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Egyptian court ruling may save Islamist’s presidential campaign

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CAIRO -- The presidential bid by ultraconservative Islamist Hazem Salah abu Ismail appeared less in jeopardy Wednesday after an Egyptian court ruled that it had no proof his mother was a U.S. citizen, a revelation that had threatened to upend his campaign.

But the court’s verdict on his candidacy contradicted a statement by the country’s election commission suggesting that authorities had documents proving his late mother held an American passport. The election commission is expected to announce its decision on the case in coming days.

The state news agency MENA reported that the court ordered the Interior Ministry to certify that Ismail’s mother “has never held another nationality other than her Egyptian nationality.” State TV reported, “Hazem abu Ismail has become a candidate again.”

Hundreds of Ismail’s supporters cheered when news of the court’s ruling spread outside a Cairo courthouse. Ismail, a lawyer and a preacher, is a leading candidate in next month’s election. Documents showing that his mother was a U.S. citizen, including travel papers and California voter registration records, had embarrassed Ismail, whose campaign is heavy with anti-American rhetoric.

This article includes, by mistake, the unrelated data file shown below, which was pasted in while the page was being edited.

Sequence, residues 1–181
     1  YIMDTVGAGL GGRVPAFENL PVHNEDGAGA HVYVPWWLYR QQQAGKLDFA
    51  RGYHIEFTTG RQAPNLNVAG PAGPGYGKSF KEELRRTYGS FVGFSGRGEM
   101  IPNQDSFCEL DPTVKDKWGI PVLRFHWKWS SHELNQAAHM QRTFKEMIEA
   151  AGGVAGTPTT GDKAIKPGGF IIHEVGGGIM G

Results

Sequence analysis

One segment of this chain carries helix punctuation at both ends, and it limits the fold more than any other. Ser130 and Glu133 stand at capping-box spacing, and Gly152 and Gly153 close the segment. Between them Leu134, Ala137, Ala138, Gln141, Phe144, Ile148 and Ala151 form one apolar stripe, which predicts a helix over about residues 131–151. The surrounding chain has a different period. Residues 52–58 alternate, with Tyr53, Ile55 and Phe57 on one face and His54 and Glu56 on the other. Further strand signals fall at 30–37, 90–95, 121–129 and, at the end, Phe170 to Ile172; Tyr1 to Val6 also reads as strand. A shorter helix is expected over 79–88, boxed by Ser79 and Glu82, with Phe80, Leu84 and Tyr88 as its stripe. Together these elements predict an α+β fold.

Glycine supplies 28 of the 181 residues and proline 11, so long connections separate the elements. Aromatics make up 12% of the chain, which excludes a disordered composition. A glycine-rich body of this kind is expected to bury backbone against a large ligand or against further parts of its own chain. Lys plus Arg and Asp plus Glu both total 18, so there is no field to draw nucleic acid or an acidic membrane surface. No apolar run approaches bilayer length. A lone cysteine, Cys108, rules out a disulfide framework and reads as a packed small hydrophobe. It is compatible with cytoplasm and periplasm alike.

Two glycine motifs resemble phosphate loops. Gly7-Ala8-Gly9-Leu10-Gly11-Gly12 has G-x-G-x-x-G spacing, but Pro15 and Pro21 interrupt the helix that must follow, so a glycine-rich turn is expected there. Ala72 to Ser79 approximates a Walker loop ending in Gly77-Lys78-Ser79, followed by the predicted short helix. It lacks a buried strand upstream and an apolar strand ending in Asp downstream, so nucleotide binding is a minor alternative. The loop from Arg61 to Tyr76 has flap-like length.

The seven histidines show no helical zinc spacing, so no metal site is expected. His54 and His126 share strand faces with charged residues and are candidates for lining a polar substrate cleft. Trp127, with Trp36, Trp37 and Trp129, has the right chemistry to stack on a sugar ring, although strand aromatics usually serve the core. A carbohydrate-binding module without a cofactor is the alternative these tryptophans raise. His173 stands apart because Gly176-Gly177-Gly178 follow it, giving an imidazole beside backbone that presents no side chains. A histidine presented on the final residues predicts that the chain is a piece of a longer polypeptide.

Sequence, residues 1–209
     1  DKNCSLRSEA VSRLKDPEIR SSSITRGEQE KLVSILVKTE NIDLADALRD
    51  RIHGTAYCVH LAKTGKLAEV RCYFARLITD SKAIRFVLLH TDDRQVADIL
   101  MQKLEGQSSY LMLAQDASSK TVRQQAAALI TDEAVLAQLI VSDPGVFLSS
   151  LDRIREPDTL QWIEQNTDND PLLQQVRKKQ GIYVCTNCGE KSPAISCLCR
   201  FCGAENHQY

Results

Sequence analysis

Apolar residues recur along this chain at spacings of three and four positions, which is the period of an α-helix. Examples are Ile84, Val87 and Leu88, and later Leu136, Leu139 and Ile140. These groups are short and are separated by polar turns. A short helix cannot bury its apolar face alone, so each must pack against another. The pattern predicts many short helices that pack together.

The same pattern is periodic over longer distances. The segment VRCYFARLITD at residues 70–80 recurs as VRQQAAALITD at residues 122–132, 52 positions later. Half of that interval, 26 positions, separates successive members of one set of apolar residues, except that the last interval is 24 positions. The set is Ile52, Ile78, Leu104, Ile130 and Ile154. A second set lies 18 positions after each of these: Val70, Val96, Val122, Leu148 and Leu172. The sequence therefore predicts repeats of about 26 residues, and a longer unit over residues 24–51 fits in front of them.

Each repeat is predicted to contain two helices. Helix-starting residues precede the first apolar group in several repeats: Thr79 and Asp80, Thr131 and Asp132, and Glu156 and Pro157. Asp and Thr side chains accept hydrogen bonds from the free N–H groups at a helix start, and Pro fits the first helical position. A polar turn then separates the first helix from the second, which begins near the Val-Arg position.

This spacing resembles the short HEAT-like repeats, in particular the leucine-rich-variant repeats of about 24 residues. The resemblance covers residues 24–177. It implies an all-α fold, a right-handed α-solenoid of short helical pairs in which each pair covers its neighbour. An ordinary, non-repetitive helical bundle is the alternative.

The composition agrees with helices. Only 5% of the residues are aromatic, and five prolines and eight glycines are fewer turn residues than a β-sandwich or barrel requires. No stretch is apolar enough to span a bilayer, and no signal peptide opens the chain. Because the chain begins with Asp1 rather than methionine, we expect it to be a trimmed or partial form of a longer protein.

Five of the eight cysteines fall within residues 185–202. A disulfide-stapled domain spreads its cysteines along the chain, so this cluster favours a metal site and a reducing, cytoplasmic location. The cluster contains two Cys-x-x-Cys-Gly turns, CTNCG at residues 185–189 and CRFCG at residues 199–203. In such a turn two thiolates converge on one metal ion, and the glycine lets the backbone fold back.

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It was not clear Wednesday why there was a discrepancy in documents submitted to the court and the election commission. Ismail and Muslim Brotherhood candidate Khairat Shater are the leading Islamist contenders in an election that is likely to decide how deeply sharia, or Islamic law, will influence Egyptian public life after last year’s overthrow of President Hosni Mubarak.

The country’s new election law stipulates that a candidate’s spouse and parents must be Egyptian citizens.

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-- Jeffrey Fleishman




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